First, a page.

One of the most recent use-it-or-lose-it assessments I have been doing around here is in our crafting supplies. For us, this ranges from anything like paints, brushes, sewing supplies, yarn, and knitting needles to random miscellany like stencils, poly-fill, stickers, and scrapbooking supplies. Some of it was definitely just junk that needed to be thrown away, but a lot of it is still really useful stuff that just needed some organizing so that we will actually know what we have and can then use it. Now that it's about 87.4% organized, I'm pretty excited about really using the stuff soon.
The overwhelming craft supply winner of Thing We Have Way Too Many Of is crayons and markers. I mean, a bazillion. And yes, you can have too many. Somehow with the amount we had there was a strange can't-see-the-forest-for-the-trees phenomenon that would occur when the us-es sat down to draw. They would become completely paralyzed in their search for the color they wanted. So we (read: I) scribbled through every marker, getting rid of the ones that had dried out. Then I got together maybe two complete color sets of crayons to keep and planned on discarding the rest. But it felt kinda (majorly) wrong to throw away so many decent crayons. Then, old-school inspiration struck.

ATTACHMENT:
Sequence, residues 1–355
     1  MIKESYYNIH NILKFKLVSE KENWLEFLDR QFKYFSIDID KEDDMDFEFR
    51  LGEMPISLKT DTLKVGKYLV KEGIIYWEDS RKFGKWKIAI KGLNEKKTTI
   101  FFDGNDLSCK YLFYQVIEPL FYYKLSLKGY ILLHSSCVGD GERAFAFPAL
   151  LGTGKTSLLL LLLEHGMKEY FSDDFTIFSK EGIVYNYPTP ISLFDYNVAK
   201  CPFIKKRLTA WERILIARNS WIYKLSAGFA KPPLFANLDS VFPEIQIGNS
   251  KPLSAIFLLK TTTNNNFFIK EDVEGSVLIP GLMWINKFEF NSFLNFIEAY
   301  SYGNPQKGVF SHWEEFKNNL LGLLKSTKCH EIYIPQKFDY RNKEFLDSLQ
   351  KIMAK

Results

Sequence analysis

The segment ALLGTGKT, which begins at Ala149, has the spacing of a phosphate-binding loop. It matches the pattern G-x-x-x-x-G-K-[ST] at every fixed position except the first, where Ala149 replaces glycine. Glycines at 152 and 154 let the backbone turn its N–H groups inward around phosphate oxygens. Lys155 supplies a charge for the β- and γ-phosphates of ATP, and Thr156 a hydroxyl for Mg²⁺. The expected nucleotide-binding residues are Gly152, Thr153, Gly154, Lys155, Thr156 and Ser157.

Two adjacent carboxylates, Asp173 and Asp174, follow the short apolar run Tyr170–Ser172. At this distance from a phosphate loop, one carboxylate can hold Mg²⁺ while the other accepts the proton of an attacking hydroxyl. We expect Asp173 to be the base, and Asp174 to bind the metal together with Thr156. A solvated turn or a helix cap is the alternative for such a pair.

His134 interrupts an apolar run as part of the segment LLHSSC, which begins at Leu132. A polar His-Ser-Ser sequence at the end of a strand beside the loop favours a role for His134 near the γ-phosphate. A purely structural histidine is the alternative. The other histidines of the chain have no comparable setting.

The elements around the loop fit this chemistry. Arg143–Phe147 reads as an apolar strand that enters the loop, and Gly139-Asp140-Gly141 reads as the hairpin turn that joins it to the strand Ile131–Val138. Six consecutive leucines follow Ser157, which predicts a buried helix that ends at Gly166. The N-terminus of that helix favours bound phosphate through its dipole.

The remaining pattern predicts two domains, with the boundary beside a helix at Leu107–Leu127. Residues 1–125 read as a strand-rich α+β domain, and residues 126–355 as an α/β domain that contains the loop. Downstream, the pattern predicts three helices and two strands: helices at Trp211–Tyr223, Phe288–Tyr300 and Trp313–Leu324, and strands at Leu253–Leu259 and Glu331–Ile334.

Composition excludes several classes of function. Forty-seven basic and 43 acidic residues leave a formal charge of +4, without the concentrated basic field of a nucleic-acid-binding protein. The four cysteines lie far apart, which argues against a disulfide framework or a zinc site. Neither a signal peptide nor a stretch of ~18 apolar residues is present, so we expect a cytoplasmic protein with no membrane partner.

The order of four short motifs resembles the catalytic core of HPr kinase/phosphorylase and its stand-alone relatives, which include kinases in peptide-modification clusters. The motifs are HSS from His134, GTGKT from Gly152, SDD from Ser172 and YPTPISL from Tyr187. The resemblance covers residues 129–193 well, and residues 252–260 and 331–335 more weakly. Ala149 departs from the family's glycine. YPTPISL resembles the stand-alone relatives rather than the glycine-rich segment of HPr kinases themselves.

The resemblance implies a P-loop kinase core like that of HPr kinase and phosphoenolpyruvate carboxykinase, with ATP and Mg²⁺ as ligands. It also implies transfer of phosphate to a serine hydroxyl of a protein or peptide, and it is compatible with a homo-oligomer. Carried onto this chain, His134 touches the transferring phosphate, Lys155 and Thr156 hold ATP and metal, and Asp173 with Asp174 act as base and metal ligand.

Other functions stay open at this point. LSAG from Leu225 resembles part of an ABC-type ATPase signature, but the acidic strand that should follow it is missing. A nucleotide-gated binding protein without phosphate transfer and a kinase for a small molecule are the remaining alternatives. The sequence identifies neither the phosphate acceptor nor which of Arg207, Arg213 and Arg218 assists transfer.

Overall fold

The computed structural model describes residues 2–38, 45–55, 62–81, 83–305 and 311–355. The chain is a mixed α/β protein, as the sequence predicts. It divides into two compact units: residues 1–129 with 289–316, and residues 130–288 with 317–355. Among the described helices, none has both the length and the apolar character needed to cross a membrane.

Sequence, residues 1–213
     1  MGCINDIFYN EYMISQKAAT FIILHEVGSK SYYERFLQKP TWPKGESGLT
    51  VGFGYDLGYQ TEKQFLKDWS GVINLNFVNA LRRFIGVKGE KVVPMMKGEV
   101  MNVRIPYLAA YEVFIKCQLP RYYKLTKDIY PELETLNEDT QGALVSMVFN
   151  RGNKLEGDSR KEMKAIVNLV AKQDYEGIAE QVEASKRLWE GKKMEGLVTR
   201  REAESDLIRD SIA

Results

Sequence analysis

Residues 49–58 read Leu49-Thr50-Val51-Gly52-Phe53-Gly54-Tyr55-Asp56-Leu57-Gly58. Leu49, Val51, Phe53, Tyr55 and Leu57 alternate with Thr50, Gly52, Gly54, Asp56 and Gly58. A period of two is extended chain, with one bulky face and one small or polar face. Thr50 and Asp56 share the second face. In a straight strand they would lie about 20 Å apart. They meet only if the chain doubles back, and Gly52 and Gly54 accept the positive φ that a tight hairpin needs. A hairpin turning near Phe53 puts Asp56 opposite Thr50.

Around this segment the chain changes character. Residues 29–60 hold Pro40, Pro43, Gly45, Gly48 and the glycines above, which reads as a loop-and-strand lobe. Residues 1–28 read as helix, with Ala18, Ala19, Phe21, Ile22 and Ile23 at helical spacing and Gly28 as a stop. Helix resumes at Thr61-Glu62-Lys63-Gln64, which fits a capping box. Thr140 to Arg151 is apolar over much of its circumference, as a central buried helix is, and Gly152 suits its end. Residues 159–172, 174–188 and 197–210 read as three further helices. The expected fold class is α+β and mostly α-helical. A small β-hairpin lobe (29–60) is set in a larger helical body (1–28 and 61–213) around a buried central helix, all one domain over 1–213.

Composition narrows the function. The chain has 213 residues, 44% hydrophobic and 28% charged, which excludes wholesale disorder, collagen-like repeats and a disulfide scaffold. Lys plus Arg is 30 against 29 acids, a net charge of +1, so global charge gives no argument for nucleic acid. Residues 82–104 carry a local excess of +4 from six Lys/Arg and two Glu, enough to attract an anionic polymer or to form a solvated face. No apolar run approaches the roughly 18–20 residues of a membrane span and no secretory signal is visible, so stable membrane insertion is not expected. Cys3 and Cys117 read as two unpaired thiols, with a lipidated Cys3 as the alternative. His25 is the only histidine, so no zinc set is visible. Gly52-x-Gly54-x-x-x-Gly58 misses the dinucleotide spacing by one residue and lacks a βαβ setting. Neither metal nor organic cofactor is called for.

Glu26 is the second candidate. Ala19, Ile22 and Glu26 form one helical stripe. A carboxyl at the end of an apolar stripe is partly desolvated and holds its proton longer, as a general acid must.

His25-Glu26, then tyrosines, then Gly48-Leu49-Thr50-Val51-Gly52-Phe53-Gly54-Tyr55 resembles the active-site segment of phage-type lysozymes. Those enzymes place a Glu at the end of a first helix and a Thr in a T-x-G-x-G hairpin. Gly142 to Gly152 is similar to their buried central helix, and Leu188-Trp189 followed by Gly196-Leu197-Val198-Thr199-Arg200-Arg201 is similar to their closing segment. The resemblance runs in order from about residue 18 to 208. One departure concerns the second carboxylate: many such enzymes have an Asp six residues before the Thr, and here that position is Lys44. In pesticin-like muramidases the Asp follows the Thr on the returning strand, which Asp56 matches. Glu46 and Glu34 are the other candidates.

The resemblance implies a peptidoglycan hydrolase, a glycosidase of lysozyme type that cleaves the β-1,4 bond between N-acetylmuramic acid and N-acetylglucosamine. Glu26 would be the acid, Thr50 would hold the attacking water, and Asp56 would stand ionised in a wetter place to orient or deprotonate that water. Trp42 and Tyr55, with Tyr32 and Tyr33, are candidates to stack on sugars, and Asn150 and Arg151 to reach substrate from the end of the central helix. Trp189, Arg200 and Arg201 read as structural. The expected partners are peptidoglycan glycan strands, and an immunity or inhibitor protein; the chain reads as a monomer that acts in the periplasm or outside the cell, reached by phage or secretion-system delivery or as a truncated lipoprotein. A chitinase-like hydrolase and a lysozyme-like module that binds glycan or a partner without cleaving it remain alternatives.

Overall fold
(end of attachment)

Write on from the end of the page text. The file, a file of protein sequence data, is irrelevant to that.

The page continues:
I remember somewhere in my 33 years melting crayon shavings between two pieces of wax paper and making stained glass. I also remember the whole idea of melting broken crayons down and putting them in molds to form new crayons. Since the idea of endlessly shaving crayons and operating an iron with Pretty Baby and Little Big Man at my feet (and me evidently at their beck and call) sounded less appealing than a day spent listening to Ace of Base on repeat, I opted to melt them down. I used a mini muffin pan, mixed the broken pieces, put them in a preheated oven, and then let them cool. And just like that, magic crayons.
This was extremely easy, extremely quick, and extremely clean. I'm so pleased with these I think we will make them as Christmas gifts for all the kids in our lives. Old idea. Old crayons. New fun.
Here's a bunch of pictures (that may even receive their own re-purposing in the not-too-distant future).
Fresh from the oven . . .